Latest Market Commentary Second Quarter 2023Download PDF
Does it seem as if the pace of technological change continues to gather speed? Technology entrepreneur, investor, and author Azeem Azhar, in The Exponential Age: How Accelerating Technology is Transforming Business, Politics, and Society, states that this era will bring many benefits. However, such rapid change also means that some “…corporations, employees, politics, and wider social norms … get left behind” because they fail to adapt.1
I see evidence of this today as companies talk about artificial intelligence (AI) but do little to adapt to or leverage it. I’m reminded of the Blockbuster Video chain, which ignored threats to its model of renting video cassettes or DVDs to customers and charging hefty late fees. Reportedly, Blockbuster’s over-confident executives came close to laughing when Netflix asked the company to consider investing $50 million in a partnership with Netflix.2 If only Blockbuster had seized the opportunity! Instead, Blockbuster stuck to its model, while Netflix introduced video delivery by mail, followed by a video streaming service. Growing from one store in 1985 to a peak of 7,700 stores in 2000, Blockbuster filed for bankruptcy in 2010 and currently has only one store.3 Today Netflix is a globally dominant provider of video content with 232.5 million subscribers.4
Similarly, most people don’t see the impact that AI will have on financial markets. They are still focused on a slowing economy. Many companies and investors fail to recognize that we are on the threshold of a new age, what Klaus Schwab, founder and executive chairman of the World Economic Forum, called the Fourth Industrial Revolution.5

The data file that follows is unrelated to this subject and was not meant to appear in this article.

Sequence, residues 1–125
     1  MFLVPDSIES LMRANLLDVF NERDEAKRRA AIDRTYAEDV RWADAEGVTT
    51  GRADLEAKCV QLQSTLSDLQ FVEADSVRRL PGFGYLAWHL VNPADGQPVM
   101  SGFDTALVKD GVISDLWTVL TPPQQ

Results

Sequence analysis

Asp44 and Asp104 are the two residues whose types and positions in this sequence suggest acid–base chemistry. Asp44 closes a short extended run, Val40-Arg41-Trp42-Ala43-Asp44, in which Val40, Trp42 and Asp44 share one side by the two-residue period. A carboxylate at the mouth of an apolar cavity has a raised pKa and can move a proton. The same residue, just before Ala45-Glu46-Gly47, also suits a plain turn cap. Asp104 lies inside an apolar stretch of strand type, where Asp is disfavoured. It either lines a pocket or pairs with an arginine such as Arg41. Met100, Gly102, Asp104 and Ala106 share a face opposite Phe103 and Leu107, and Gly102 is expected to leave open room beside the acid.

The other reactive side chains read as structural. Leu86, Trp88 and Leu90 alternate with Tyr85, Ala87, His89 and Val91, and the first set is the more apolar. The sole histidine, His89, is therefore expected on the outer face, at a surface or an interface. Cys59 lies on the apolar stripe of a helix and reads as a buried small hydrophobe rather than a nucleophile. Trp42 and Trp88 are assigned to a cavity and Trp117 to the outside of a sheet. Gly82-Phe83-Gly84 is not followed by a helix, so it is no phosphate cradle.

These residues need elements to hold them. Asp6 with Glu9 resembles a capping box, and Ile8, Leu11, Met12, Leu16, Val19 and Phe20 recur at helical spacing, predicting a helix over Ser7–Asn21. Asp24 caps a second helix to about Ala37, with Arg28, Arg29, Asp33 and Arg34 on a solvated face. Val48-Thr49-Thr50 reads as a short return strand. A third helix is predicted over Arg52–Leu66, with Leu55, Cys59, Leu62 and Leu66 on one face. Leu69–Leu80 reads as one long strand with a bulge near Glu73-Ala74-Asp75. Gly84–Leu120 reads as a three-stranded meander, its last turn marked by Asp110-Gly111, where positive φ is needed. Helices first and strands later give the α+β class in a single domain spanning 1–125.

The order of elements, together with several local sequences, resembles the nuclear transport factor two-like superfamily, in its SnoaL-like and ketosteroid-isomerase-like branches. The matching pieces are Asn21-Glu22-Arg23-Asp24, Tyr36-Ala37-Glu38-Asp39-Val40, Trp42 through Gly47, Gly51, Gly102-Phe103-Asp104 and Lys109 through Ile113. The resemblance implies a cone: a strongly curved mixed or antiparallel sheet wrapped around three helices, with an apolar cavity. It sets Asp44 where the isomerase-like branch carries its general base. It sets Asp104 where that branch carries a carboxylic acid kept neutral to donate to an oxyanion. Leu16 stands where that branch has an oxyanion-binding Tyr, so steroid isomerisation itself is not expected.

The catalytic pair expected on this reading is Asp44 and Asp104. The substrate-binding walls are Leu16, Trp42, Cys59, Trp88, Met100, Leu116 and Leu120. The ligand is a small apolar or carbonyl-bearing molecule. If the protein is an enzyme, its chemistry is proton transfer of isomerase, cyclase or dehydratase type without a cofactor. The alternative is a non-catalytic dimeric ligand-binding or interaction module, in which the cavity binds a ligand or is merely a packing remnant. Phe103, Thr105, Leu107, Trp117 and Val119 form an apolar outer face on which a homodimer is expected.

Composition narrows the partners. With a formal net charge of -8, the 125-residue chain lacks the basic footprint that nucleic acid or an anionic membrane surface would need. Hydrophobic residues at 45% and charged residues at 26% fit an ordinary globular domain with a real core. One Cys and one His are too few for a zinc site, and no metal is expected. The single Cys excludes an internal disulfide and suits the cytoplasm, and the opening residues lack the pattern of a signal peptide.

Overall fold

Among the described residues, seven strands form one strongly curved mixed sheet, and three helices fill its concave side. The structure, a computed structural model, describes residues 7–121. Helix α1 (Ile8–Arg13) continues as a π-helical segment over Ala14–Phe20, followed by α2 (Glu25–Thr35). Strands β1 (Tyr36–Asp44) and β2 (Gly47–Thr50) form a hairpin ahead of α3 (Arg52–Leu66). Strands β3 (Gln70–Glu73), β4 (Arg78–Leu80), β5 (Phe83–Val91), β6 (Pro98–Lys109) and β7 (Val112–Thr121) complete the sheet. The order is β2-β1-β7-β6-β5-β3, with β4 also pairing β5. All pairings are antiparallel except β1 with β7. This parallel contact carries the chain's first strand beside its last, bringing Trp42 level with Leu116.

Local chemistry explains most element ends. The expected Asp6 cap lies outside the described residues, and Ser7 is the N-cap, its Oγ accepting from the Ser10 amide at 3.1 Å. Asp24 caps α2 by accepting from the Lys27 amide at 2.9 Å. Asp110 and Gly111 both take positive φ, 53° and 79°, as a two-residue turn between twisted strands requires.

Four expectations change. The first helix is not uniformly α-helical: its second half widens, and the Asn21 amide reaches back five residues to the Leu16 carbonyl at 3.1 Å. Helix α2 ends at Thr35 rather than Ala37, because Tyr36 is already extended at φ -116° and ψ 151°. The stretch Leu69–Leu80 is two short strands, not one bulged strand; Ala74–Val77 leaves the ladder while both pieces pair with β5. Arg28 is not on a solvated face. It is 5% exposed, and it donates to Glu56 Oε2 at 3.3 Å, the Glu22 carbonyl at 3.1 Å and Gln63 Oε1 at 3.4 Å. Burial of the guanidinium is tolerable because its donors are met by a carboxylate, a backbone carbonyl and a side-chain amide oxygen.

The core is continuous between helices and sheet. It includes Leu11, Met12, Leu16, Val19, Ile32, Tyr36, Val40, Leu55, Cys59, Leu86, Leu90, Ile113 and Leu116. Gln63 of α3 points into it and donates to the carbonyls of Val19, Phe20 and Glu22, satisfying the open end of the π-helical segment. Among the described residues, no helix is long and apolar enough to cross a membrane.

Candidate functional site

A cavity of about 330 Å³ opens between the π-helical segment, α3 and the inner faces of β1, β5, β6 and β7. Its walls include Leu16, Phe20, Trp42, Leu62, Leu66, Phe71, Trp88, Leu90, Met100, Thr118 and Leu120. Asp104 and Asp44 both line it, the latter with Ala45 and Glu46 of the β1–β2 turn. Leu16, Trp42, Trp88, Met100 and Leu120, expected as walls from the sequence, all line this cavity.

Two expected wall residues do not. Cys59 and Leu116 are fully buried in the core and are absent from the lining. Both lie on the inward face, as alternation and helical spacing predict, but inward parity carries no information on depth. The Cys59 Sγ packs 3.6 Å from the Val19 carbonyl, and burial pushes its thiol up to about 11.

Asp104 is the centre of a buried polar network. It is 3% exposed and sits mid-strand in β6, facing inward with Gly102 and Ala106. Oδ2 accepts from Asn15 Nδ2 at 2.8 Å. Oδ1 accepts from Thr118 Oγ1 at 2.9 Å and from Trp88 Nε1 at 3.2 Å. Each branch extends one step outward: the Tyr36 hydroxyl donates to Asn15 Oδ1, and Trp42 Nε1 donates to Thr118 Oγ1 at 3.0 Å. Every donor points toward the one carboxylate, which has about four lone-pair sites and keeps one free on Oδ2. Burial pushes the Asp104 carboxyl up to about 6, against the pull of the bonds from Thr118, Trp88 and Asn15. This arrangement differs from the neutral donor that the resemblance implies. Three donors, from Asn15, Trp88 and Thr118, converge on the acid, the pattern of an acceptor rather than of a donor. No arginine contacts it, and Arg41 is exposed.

Overall, AI “… has the potential to transform entire industries,” as Goldman Sachs Asset Management Brook Dane has stated.6 “The proliferation of AI should enable industries to become much more efficient, allowing for businesses to further enhance their processes.”7
With the exponential advancement of AI, a key component of the Fourth Industrial Revolution, there will be fewer big winners, and those winners will be bigger. We see signs of this now with the dominance of Google in online search, Android and Apple iOS operating systems in smartphones, and Uber in ridesharing.8 Big companies will get bigger as they benefit from “…rapidly declining costs of exponential technology…” and “…a positive feedback loop that turns market leaders into a kind of perpetual motion machine.”9 This positive feedback loop is driven by the network effect, “…in which the addition of every new member of the network increases the value of the network for everyone.”10
The power of AI also makes it easier for companies to take advantage of the data that they glean from network members. For example, consider the case of an institution with vast quantities of data about patients who are taking drugs for a targeted disease plus drugs for other diseases. AI can search these troves of data to find patterns that indicate that some of the drugs used for the other diseases also help to treat the targeted disease. Thus, AI could identify new uses for existing drugs.